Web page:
The biggest transformation in the history of the Canary Islands has taken place in the last few decades, following the tourist boom from the 1960s onwards. A society with a farming, stockbreeding and fishing tradition almost five centuries old became overnight, one of the best known tourist destinations in the world. Tourism has led to the abandonment of the countryside and the uncontrolled exploitation of coastal areas, with the result that marine and coastal ecosystems are also beginning to suffer from land occupation, the destruction of virgin areas, uncontrolled public use and pollution.
Photos: Jonathan Garcia
Tourists join residents in the consumption of resources (water, land, energy, etc.), the generation of waste and the increase in pollution, particularly due to air transport. Likewise, the “all-inclusive” tourist circuits, managed by large tour operators, which attract quantity instead of quality, encourage mass tourism that is not at all respectful of the territory and which, on the other hand, leads to the precariousness of a service sector in which most of the population works, with insufficient salaries and a low level of professionalisation.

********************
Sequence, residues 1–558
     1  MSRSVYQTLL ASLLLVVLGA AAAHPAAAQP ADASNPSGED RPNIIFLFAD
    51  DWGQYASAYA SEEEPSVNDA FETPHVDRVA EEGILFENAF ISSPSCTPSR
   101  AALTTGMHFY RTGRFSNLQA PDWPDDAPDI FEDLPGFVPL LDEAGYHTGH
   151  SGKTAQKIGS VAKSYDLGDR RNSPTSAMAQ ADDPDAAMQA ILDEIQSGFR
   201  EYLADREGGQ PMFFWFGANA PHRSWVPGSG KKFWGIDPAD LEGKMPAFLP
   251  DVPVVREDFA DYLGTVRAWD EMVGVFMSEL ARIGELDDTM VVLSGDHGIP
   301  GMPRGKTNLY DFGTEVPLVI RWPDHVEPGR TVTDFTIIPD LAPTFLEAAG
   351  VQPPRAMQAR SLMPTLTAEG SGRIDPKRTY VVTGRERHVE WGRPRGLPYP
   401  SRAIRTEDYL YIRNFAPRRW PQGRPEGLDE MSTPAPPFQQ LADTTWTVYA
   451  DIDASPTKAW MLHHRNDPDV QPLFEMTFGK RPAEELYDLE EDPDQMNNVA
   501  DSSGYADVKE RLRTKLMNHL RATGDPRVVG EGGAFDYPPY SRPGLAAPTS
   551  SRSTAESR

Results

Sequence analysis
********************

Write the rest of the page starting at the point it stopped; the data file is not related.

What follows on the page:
At the Foundation we want to support the possibility of a more sustainable tourism model. A model in which quality is given more weight than quantity, based on respect for local culture and which conserves and protects natural resources. We believe in the real diversification of the offer, in specialisation and professionalisation. We defend the creation of circular economies and the limitation of the power of intermediaries so that a fairer and more balanced distribution of wealth is possible, in a way that has a positive impact on the local population without depredating natural resources.